Yedioth Ahronoth, to the contrary, reports that Biberman’s announcement has “awakened a storm in every level of Likud” in opposition to what they see as a bad deal for the party. The paper writes that the Likud camp is divided between those who want tomorrow’s Central Committee vote to be secret and those who want it public. Netanyahu, Yedioth writes, wants it an open popularity contest because he would, like, so win.

“Netanyahu knows that whoever opposes the deal wouldn’t dare expose himself publicly,” a senior Likud minister told the paper.

Thus far only Likudnik Michael Eitan has openly voiced opposition to the deal, and he has begun collecting signatures from party members to strike the motion down. Likud veteran Dan Meridor has reportedly reevaluated his future in the party should the single list go through.

Maariv says Meridor may quit the Biberman party if Liberman is No. 2, for he sees the Yisrael Beytenu leader as “damaging to Likud’s liberal values.”

Maariv quotes bitter Likud ministers saying Netanyahu foisted this plan upon the party in order to further his own political aims, namely, a third term as prime minister, at the expense of the party’s seats in the Knesset.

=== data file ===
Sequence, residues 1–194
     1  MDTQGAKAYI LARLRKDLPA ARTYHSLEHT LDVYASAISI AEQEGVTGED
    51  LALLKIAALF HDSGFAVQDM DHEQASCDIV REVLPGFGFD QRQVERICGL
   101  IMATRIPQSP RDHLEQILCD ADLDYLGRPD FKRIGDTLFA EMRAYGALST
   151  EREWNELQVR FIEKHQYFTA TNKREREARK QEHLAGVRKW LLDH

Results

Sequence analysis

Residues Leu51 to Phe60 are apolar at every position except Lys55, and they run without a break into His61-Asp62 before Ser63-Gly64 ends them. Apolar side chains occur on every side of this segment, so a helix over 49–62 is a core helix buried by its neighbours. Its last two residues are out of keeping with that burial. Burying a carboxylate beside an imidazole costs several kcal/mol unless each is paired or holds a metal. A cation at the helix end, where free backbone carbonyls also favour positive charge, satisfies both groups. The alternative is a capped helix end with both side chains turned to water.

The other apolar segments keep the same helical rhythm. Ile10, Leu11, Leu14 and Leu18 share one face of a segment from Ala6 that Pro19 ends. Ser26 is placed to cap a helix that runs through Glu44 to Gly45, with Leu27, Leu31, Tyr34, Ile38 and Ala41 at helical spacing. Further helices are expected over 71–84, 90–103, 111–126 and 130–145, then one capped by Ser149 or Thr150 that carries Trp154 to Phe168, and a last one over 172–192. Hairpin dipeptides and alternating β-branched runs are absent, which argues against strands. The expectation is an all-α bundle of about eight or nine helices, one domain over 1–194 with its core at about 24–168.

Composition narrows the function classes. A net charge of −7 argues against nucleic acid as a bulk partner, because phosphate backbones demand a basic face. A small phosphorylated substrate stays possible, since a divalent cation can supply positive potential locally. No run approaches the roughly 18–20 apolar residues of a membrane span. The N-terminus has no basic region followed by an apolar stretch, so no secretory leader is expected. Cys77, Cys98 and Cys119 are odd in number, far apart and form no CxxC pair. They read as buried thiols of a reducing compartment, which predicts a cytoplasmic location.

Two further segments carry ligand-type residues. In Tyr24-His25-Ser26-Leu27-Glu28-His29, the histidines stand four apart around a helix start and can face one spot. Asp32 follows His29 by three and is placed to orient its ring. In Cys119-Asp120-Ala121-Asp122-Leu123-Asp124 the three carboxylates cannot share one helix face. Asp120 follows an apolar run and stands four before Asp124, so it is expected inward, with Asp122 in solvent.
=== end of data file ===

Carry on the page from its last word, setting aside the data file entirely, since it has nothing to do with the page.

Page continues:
“Netanyahu put us in an impossible situation…. He didn’t consult us and didn’t tell us. He acted above our heads as if Likud was only his. He gambled with our future, all in order to guarantee his third term,” they told the paper.

Israel Hayom flips the story on its head because it is a huge Biberman fan. Its headline quotes American political consultant Arthur Finkelstein, who orchestrated the creation of Biberman and predicted the Likud-Yisrael Beytenu list would receive “45 mandates.” The lead of the story downplays the dissent in Likud that the other papers report. It says that despite some opposition, “there will be a large majority for [the motion’s] approval” at the Central Committee meeting. It then spends the next eight paragraphs paraphrasing Finkelstein’s interview on Channel 2 the night before, lauding his own work.

Memory, diplomacy, and mystery